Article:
WHO officially names Coronavirus disease as COVID-19 | The Background

Saturday, November 28, 2020

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WHO officially names Coronavirus disease as COVID-19

Scientists are increasingly concerned about a new virus that has infected tens of thousands of people and killed more than 1,000. The virus is a coronavirus, and belongs to the same family as the virus that causes severe acute respiratory syndrome, or SARS. It causes a respiratory illness, can spread from person to person, and emerged in the Chinese city of Wuhan in December.

The World Health Organization has officially named the disease caused by the coronavirus COVID-19. This name will replace various monikers and hashtags given to the emerging disease over the past few weeks. Most recently, on 8 February, China’s National Health Commission decided to temporarily call the disease Novel Coronavirus Pneumonia, or NCP. But because viruses will continue to spread from animals to people, this coronavirus won’t be novel for long.

“COVID-19 stands for coronavirus disease in 2019,” said Soumya Swaminathan, chief scientist at the World Health Organization, at a press briefing. She explained that because there are many coronaviruses, this style of naming will provide a format for naming new coronavirus diseases in future years. “The virus itself is named by international group of virologists who will look into the taxonomy,” she said. “But it is important to have a name for this disease that everybody uses.”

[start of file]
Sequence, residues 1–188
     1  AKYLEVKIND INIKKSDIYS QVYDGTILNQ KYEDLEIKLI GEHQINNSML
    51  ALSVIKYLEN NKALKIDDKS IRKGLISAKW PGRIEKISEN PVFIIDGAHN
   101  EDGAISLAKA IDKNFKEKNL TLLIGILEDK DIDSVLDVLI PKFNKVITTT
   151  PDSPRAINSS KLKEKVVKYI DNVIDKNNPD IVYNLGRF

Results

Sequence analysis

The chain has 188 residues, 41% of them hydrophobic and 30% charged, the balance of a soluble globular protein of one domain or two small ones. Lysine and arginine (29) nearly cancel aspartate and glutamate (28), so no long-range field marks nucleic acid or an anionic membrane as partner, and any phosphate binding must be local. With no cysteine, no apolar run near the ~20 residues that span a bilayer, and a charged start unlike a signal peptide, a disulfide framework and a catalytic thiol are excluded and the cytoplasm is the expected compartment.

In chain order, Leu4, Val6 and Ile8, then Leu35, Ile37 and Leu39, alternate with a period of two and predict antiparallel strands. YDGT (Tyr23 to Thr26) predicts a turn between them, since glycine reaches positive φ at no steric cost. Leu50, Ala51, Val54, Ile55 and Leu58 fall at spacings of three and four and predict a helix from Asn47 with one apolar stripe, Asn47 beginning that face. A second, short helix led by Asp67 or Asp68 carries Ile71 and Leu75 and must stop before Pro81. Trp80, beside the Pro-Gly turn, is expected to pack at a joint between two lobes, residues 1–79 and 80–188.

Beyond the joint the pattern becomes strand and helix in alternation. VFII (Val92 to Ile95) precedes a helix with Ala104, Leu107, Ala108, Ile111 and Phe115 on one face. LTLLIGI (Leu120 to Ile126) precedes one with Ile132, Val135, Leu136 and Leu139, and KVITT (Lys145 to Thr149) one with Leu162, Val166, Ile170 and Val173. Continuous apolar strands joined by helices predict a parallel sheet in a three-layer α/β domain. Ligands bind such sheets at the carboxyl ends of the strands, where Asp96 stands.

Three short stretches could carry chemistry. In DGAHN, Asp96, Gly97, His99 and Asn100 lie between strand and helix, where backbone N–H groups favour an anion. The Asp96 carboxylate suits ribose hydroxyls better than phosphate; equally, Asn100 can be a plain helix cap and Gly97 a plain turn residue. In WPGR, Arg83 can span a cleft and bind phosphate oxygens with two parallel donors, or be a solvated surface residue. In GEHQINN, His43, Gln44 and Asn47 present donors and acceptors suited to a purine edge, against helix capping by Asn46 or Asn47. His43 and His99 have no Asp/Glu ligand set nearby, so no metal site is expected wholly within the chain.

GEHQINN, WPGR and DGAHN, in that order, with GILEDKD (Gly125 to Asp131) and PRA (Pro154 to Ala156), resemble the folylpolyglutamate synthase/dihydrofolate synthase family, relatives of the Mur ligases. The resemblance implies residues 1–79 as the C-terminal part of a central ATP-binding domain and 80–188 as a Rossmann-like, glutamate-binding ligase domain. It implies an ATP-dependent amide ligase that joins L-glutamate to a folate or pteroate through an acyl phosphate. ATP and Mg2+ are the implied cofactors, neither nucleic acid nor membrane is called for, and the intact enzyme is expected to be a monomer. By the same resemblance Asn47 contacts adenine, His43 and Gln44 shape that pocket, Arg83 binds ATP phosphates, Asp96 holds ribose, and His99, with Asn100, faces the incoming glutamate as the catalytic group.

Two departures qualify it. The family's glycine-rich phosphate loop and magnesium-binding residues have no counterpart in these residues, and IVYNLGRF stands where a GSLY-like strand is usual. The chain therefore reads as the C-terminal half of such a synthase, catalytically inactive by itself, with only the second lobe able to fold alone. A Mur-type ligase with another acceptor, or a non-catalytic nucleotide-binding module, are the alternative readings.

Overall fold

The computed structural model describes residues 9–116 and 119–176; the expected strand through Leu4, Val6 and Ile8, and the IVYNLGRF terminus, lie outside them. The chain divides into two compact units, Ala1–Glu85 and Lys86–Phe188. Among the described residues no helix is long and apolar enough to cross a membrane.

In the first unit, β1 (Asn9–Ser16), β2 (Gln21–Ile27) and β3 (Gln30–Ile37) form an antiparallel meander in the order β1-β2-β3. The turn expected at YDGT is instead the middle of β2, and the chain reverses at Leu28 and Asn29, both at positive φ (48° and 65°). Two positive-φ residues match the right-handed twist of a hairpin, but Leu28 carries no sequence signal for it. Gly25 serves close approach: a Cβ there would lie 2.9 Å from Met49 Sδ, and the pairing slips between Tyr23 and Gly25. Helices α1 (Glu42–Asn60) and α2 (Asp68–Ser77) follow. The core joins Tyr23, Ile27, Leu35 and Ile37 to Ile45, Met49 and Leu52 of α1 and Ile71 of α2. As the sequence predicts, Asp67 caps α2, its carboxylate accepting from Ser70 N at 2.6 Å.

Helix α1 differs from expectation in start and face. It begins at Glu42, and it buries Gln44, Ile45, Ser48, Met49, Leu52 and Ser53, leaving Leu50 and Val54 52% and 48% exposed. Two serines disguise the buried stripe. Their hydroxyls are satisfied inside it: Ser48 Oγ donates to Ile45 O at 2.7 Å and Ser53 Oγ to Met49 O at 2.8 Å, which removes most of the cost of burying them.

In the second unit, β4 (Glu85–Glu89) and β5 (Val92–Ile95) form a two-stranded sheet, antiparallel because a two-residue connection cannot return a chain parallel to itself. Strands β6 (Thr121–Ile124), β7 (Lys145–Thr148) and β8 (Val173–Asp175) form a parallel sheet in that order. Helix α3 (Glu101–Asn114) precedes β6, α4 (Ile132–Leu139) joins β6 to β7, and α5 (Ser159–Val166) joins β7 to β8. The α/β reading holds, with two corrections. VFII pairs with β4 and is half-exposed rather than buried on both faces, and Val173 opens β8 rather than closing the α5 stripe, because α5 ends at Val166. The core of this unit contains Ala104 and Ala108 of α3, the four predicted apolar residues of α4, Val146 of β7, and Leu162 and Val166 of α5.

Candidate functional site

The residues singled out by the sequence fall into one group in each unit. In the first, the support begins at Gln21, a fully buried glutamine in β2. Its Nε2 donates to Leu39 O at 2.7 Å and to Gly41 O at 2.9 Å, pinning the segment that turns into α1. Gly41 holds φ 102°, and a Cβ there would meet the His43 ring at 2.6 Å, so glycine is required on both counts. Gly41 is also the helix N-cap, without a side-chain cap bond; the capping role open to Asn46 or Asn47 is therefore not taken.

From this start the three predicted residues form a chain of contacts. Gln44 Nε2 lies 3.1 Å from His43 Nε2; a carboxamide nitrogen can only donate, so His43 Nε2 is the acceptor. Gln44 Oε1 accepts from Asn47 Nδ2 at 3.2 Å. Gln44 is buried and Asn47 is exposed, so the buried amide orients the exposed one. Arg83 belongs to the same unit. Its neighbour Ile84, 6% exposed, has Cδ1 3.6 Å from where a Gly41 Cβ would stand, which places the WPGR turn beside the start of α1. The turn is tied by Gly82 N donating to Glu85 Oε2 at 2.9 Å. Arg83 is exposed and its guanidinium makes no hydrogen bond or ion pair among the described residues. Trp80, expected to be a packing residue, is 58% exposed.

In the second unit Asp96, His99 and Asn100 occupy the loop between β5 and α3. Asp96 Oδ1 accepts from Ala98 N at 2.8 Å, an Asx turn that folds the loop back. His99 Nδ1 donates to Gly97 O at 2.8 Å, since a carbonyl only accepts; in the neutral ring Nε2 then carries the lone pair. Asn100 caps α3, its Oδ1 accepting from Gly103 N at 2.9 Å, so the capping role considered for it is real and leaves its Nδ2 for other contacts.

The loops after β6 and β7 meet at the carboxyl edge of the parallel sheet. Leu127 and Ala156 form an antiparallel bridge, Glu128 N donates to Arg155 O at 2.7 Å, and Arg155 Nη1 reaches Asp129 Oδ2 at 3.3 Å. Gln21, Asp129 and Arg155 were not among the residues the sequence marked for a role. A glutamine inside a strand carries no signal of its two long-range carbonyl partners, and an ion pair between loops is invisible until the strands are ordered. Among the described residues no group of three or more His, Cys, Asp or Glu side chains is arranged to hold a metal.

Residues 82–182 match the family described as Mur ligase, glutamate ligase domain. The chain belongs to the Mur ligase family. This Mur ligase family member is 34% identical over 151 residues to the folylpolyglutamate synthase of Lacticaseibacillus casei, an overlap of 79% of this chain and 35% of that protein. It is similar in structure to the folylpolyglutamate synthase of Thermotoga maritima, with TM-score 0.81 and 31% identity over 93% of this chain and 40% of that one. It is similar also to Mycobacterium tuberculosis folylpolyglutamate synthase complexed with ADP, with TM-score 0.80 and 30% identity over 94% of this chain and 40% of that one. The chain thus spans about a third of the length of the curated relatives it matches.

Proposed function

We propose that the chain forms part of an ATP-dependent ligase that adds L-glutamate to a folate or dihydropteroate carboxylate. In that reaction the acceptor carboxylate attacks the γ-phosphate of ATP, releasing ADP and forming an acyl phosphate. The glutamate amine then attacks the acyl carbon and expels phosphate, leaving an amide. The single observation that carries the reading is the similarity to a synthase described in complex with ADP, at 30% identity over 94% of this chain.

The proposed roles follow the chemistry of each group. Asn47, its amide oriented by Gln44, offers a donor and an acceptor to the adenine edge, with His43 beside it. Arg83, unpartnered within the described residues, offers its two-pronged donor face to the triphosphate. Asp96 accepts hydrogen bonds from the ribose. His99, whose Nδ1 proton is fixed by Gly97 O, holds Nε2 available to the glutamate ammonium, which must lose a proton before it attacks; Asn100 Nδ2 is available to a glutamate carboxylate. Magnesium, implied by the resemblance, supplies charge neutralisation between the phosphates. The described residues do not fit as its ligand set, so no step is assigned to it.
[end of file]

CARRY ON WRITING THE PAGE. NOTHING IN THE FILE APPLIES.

Two other diseases caused by coronaviruses were given names describing the clinical manifestations: SARS (severe acute respiratory syndrome) and MERS (Middle East respiratory syndrome).

The number of people in China who have been killed by the coronavirus is now more than 1,000, the nation’s health authorities report. Worldwide, more than 43,000 people have now been infected.

Millions of people in China returned to work on Monday after the Lunar New Year holiday, which was extended by more than a week in an effort to halt the spread of the virus — although many businesses still remain closed.

Researchers will be closely watching to see whether cases increase as a result of people going back to work.

Courtesy- Nature Research



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